Based on the Limited Auto FWD 5-passenger 4-dr 4dr SUV with typically equipped options.
EPA Est. MPG
Front Wheel Drive
more about this model
For just a minute, forget about slalom speeds and skid pad Gs. Forget about track testing and torque, forget about overhead cams and final-drive ratios and focus on what an SUV like the 2007 Hyundai Santa Fe is really supposed to deliver. Its true test is in how it handles the rigors of weekly shopping trips, bar mitzvahs, birthdays, daily commutes and the occasional trip to Grandma's house.
Focus on those real-world chores and it's easy to see the new 2007 Santa Fe as an all-star. By making the Santa Fe wider, longer and more powerful than before, Hyundai has created a suburban multitasker that does almost everything so well it blends into the background of everyday life — and we don't mean that in a bad way.
Near luxury Despite its price and warranty advantage, the original Santa Fe felt a little low-tech and a notch or two below competing Honda and Toyota SUVs. Now the Santa Fe's interior has vehicles like the Toyota RAV4 and Honda CR-V looking somewhat low-buck by comparison.
Although the new Santa Fe is offered in three trim levels, the interior of the top-of-the-line Santa Fe Limited like our two-wheel-drive test car will really have you doing a double-take once inside. With its convincing wood grain trim combined with faux aluminum trim it has an obvious "near luxury" feel.
Other touches also add to the notion that the '07 Santa Fe has been bumped up a few notches. For example, the dash lights and gauges glow in blue similar to some VW products, and the rear seats have their own heating and A/C vents are thoughtfully placed near the doors rather than through the back of the center console.
The Limited's other amenities include comfortable leather seats with a power driver seat, comprehensive steering wheel-mounted audio controls, dual-zone climate controls and an auto-dimming rearview mirror. An optional 10-speaker Infinity sound system and rear-seat DVD player are available as options and by spring of 2007 a navigation system will be offered. XM radio becomes standard on all Hyundai vehicles by the fall of 2006. All of these are features we wouldn't dare expect on a Hyundai just four years ago.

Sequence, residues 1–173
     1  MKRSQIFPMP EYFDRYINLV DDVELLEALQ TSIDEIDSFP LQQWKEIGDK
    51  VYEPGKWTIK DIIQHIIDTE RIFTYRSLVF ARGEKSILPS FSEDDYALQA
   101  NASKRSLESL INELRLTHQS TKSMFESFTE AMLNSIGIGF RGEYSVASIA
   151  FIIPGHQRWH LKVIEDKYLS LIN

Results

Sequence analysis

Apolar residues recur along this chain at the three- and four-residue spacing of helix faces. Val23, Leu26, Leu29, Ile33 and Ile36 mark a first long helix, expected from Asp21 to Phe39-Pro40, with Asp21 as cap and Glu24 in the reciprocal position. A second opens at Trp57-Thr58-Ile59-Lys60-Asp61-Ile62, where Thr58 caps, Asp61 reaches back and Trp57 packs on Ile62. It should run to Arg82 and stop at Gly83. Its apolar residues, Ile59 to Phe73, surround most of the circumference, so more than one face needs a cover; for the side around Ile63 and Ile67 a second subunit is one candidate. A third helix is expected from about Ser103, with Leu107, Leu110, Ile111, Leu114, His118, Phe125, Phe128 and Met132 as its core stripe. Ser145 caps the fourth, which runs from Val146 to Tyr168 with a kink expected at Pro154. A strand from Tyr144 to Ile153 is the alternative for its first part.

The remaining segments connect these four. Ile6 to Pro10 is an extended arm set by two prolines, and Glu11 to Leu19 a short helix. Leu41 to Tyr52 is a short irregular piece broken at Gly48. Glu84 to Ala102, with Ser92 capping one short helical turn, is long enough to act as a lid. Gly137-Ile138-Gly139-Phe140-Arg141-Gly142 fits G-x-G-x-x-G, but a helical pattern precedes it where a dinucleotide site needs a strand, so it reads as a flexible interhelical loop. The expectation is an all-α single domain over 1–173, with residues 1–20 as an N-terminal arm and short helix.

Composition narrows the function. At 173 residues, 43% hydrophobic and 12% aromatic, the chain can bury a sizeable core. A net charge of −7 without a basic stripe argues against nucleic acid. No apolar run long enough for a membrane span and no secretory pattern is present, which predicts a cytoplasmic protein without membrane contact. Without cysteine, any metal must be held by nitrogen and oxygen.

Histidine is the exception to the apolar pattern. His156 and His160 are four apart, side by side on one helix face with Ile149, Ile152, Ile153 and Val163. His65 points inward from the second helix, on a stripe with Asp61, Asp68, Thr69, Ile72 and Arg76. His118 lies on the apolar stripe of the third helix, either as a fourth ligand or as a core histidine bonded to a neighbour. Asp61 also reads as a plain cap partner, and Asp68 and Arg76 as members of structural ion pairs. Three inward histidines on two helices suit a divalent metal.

Skin deep But the Santa Fe's ladder-climbing isn't limited to its interior; the exterior also looks more contemporary. View the SUV from the rear and there's a noticeable resemblance to such midsize crossover SUVs as the VW Touareg. From the side there's a little Lexus RX and Mazda CX-7, and from the front more than a few editors noticed the slight sneer of an Infiniti FX combined with the gracefulness of an Acura MDX.
It might sound like a hodgepodge but the new Hyundai Santa Fe, which is about the same size as a Toyota Highlander, is clean-looking, with smooth lines and a crisp, contemporary feel. Gone is the distinct Korean look of the old Santa Fe with its funky angles and busy bodywork. Projector-style headlights and a prominent grille up front further drive the point home.
Standard V6s Mechanically, the 2007 Santa Fe is all-new as well. Buyers can choose from two- or four-wheel-drive versions and there are now two available engines: both V6s. The base engine, standard on the Santa Fe GLS, is a 2.7-liter V6 that was available in the previous Santa Fe but now offers the added benefit of variable valve timing. Output is now rated at 185 horsepower and 183 pound-feet of torque.
Replacing the previous Santa Fe's cast-iron 3.5-liter V6 is an all-aluminum 3.3-liter V6 we first saw in the redesigned Sonata — it's standard on the Limited and SE trim levels. Despite its slightly smaller displacement, this newer motor is actually more powerful. At 242 hp, the Santa Fe's 3.3-liter V6 delivers 42 more ponies than the old 3.5-liter.